The Magician’s Wife
In October, 1856, after he has retired to his estate in Tours, Henri Lambert is invited to Compiègne, Emperor Napoléon III’s winter palace, for one of his highness’s celebrated séries, weeklong rounds of hunting, shooting, and parties. Such invitations are highly coveted and a sign of royal favor, and while Lambert is delighted, his wife disapproves, complaining that the expense will be prohibitive and that her husband will be only a minor diversion for aristocratic entertainment.
Once at Compiègne, Emmeline feels utterly ill at ease, deserted by her husband while he heads off for male-only meetings and embarrassed that she is a bourgeois pretender among the aristocracy. The isolation provokes a reassessment of her marriage, which has grown stale, and she fears that she has been hoodwinked, just as all her husband’s audiences have. She is more than flattered by Colonel Deniau’s attention and contemplates an affair with him. At a shooting outing, she is horrified by the spectacle and grows ill.
She and her husband eventually have an audience with the emperor, and they learn that he has grand plans for her husband to visit Algeria, where he must perform and dazzle the crowds. Within weeks, the couple arrives in Algiers and must prepare for the first of Lambert’s performances, in which he must convince the local sheiks that his powers surpass those of any of their leaders. One of those leaders, Bou-Aziz, is on the verge of declaring himself Mahdi (chosen one) and thus inaugurating a jihad, or holy war, to rid the desert of the European intruders. If Lambert can overwhelm the audience with his conjuring powers, he may undercut the marabout’s authority and divide his followers.
The performance is a resounding success, except that Bou-Aziz is not in attendance, and they must journey across the desert to his home at Milianah. During the trip, Jules falls seriously ill, and Emmeline is forced to assume his role as her husband’s assistant. While performing her duties, she cannot take her eyes off the charismatic Bou-Aziz, and she feels overpowered by his presence. By means of an extraordinarily clever charade, Lambert escapes certain death and startles the crowd.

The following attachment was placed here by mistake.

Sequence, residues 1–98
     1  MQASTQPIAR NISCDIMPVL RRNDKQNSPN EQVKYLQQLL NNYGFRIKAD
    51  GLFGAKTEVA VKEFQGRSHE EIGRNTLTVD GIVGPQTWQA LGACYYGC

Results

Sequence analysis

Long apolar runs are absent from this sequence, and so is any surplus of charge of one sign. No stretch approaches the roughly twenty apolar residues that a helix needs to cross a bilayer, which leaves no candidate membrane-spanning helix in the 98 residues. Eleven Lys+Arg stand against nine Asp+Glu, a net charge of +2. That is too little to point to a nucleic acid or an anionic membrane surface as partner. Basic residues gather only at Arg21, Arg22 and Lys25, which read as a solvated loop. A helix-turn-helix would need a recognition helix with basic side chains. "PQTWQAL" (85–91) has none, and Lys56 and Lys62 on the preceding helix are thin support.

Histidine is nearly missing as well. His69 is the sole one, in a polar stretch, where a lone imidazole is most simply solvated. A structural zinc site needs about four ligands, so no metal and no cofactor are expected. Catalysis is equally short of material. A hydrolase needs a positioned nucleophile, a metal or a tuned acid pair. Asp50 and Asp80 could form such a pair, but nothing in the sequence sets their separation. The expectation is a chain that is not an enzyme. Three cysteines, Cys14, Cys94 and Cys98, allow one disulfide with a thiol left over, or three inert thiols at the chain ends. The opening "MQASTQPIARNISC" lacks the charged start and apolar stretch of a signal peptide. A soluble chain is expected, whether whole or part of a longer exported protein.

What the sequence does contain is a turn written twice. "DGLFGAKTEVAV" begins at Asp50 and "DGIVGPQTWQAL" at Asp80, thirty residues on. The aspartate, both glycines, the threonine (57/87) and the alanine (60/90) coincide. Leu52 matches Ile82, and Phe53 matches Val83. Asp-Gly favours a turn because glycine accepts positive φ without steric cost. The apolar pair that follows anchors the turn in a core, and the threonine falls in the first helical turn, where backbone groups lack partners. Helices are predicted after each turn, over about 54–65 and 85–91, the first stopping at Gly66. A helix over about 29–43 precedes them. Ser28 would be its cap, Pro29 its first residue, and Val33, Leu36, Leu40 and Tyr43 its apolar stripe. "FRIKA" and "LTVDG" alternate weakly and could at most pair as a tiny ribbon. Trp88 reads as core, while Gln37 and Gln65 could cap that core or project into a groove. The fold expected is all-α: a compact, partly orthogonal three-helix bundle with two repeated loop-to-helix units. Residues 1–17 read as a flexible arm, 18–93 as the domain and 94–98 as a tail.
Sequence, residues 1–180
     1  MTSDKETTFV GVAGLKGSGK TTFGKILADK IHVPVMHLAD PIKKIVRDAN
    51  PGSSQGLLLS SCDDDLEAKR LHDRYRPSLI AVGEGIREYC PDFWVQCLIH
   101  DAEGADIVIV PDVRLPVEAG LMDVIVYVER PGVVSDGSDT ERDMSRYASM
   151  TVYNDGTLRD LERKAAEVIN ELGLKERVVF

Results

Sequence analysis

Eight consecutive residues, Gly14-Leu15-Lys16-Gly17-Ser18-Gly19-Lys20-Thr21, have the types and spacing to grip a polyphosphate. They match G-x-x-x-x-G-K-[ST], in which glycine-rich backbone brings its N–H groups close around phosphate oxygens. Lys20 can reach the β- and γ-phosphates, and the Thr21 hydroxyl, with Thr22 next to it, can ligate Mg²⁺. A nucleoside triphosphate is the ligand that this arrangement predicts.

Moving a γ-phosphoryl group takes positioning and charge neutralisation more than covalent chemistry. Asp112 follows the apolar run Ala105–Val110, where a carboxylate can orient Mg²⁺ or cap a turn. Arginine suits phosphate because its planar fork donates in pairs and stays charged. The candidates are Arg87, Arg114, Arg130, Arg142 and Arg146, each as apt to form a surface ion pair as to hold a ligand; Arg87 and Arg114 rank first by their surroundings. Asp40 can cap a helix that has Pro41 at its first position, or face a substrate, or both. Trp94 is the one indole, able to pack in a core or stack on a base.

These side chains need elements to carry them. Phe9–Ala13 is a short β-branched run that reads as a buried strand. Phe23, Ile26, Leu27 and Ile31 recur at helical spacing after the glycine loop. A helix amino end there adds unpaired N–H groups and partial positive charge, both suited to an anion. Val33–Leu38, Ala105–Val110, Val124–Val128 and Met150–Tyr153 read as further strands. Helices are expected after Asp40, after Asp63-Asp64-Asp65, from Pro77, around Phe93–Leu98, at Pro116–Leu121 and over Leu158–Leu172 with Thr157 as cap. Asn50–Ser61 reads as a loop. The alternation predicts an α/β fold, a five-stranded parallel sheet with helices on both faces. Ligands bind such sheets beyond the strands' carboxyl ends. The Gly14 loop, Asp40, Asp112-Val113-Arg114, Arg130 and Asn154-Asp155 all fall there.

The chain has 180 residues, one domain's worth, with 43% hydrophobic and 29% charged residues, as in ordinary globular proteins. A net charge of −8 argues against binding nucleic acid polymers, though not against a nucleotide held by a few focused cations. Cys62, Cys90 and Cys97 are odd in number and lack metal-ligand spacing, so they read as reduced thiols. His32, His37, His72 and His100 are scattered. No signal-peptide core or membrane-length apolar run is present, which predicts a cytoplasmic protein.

As Lambert revels in triumph, his loyal attendant, Jules, dies of cholera, and Emmeline gradually realizes the futility of her and her husband’s lives. In a moment of courage and utter self- determination, she travels out to the marabout’s quarters and reveals the deception that has duped his followers. Bou-Aziz delays the announcement of jihad, and just when Lambert appears victorious, he is shot by a disgruntled Arab and paralyzed, his career and future rendered dubious.
At the heart of the novel’s concerns is the notion of magic and its effects on audiences. The most obvious source of magic is, of course, Henri Lambert, whose prestidigitation is fairly pallid fare once its secrets have been revealed. Lambert is a fraud, especially in the grandiose terms with which he presents himself to Muslims: as someone appointed by God to demonstrate supernatural powers. His role as national hero is also a matter of deception and an empty performance, for Bou-Aziz simply capitulates, not because he fears Lambert’s gifts but because he is convinced of his own spiritual superiority.
Emmeline comes to the conclusion that her marriage is the result of a sleight of hand and coincidence. She mistook her husband for a gentleman but was in fact simply enchanted by a false air of command and enchantment. “Looking back now, I believe that on some occasions he does have a sort of magical power, or at least a summoning of his will so strong that he can make people do things they would never dream of doing.”
The trickery, however, goes much further, and soon it fairly surrounds Emmeline. The attendants at Compiègne are the grand and powerful, but she quickly sees another side to them. They are lecherous, predatory, and shallow. Their leader, Louis- Napoléon, imagines himself an ally to all social groups, though his progressiveness is simply self-serving. The man who imagines himself a restorer of the Napoleonic Empire is a hapless imperialist, most of whose schemes for international glory are repeatedly thwarted.
The concern with trickery allows Moore to explore once again a favorite theme— spiritual belief. In novel after novel, Moore examines characters who wrestle with the subtleties of faith, often left either with delusions or a yearning to fill some inner emptiness. Emmeline is one of these yearners; she feels divorced from a life of meaning, and when she thinks, “Compiègne has changed me,” she has no...
(The entire section is 1910 words.)